“We aren’t being expelled because we broke House decorum rules. That’s what’s been written on paper,” Pearson told Chalkbeat. “We’re being expelled because we spoke up about the need for gun reform and legislation that actually protects kids and communities.”

The issues hit home for Pearson: His classmate Larry Thorn and his mentor Yvonne Nelson were both fatally shot in Memphis in the last year, he told lawmakers in the letter. 

GOP leaders haven’t taken up the call for stricter gun laws. The Senate Judiciary Committee on Tuesday voted to defer action on gun legislation to next year. The latest proposals from Gov. Bill Lee would invest in hiring armed guards for schools, fortifying school buildings, and providing extra mental health resources.

Pearson echoed common criticisms of those measures, saying they lead to overpoliced students and don’t address root problems. He’s talked about this with his mother, a public school teacher.

“My mom doesn’t want to become a sheriff,” Pearson said.

Final votes on the expulsions are expected Thursday. It takes a two-thirds vote of the House to expel a member. 

House lawmakers have been expelled only three times before, The Tennessean reported

One lawmaker who wasn’t expelled, Johnson noted, was former Rep. David Byrd, a Waynesboro Republican accused of sexually assaulting teenagers before he was elected to office. In that case, Sexton called for an attorney general’s opinion on the matter, calling it “complex and unprecedented.”

On Monday, Sexton did not indicate whether he would seek a similar opinion in the case of Pearson, Jones, and Johnson.

House Minority Leader Karen Camper, D-Memphis, told Chalkbeat that she wants to keep communication open among Republican leaders and House Democrats. “Temperatures flared” on the floor that day, Camper recalled, as she tried to quiet the three lawmakers and move forward. 

Camper denounced the expulsion measures and described the three lawmakers’ actions as “good trouble,” alluding to the guiding principle of the civil rights leader John Lewis, who died in 2020. As a veteran congressman, Lewis staged a sit-in on the House floor in 2016. He, too, was calling for gun control in the wake of a mass shooting, Camper pointed out.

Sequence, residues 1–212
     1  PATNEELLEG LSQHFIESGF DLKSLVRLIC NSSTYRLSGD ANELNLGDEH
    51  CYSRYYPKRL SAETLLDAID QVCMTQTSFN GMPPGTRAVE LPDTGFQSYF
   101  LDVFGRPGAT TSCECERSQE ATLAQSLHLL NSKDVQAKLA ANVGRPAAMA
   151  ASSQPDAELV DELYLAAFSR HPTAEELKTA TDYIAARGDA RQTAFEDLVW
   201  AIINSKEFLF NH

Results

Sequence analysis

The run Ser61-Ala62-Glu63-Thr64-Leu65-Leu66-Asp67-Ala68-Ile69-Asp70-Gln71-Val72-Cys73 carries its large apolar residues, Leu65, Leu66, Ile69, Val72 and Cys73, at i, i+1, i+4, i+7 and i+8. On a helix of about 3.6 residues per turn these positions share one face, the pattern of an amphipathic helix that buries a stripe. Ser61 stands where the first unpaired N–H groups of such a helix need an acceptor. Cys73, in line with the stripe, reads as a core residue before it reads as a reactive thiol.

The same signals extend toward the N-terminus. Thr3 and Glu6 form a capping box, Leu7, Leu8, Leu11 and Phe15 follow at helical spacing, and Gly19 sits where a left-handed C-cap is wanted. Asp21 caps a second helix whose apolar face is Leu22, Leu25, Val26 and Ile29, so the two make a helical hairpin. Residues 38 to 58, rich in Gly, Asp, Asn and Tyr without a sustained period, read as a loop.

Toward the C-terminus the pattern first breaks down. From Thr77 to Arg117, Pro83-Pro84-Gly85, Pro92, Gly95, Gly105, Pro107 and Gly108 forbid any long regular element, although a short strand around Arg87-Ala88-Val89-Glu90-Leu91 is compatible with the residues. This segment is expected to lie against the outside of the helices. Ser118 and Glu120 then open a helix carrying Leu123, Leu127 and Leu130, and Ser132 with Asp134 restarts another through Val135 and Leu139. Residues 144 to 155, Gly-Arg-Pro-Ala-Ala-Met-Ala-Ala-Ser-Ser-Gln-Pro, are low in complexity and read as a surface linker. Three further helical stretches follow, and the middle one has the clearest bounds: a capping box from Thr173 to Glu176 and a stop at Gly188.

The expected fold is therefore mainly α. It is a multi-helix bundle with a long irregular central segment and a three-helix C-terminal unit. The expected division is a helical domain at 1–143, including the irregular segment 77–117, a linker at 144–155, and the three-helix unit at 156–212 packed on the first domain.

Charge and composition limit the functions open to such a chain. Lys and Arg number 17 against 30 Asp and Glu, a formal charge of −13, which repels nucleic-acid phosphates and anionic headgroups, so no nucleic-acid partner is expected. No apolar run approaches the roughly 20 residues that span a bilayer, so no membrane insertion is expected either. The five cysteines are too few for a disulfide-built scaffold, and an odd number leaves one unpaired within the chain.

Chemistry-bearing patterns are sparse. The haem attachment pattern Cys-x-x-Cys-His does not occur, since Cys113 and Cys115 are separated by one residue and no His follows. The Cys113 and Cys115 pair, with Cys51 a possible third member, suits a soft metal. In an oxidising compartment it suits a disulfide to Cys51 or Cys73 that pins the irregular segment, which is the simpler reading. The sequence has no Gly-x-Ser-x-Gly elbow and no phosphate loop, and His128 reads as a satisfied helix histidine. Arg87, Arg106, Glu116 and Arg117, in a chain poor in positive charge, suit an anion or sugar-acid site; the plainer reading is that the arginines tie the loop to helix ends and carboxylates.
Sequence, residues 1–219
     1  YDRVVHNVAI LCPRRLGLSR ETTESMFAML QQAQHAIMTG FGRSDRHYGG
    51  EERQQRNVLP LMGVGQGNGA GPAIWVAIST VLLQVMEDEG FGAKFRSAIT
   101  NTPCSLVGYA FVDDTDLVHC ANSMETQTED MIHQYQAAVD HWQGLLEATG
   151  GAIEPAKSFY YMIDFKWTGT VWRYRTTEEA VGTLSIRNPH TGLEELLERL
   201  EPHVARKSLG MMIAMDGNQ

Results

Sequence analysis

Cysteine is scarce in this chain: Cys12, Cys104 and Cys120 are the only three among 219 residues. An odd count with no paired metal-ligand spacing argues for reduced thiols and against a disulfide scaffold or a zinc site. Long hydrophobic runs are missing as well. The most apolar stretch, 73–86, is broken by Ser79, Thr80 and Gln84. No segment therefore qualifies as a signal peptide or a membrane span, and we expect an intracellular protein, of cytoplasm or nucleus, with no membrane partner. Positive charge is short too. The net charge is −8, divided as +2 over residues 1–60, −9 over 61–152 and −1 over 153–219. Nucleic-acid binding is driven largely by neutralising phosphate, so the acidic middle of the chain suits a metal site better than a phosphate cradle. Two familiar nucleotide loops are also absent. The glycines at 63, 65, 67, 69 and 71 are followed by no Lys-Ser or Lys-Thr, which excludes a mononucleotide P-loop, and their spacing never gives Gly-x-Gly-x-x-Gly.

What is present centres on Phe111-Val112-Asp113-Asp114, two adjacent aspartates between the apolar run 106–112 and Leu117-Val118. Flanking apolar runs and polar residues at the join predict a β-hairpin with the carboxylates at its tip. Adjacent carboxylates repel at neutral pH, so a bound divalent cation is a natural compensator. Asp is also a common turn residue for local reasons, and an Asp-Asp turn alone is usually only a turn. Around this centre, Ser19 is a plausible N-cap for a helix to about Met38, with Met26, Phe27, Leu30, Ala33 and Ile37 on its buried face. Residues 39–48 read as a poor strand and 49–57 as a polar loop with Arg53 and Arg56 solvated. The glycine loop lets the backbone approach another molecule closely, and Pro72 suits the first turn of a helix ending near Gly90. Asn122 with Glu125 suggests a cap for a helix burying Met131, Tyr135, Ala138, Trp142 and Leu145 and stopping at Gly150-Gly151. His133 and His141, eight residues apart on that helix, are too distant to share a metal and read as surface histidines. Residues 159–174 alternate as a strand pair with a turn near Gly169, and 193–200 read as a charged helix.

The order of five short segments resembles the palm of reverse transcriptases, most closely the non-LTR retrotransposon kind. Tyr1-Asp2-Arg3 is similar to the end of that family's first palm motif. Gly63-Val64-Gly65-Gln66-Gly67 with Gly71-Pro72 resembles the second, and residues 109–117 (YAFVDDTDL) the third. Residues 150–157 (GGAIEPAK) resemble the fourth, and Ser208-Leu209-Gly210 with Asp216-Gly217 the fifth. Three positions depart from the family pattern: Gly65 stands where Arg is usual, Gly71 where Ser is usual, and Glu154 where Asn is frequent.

Laura Testino covers Memphis-Shelby County Schools for Chalkbeat Tennessee. Reach Laura at LTestino@chalkbeat.org.

The Latest

“When school is closed they're grasping at straws trying to find the resources to feed their families," said Kelly McEvoy, director of food programs for Oak Park-based Forgotten Harvest.

Just 4.5% of offers at specialized high schols went to Black students and 7.6% to Latino students, a slight uptick from last year. About two-thirds of the city’s students are Black or Latino.

Teachers report managing student behavior and low pay are major sources of stress. But they aren’t more likely than other workers to want to leave their jobs.

Nineteen people seeking seats in the Aug. 1 election answered questions from Chalkbeat and the public. Hear what they said.

A new analysis by The Trace finds that an average of 57 shootings a day occur near U.S. school buildings. These shootings can traumatize students and hinder academic growth.

The Trace analyzed shootings within 500 yards of schools nationwide from 2014 through 2023. Five of the top 10 schools by total number of shootings were in the same Philadelphia neighborhood.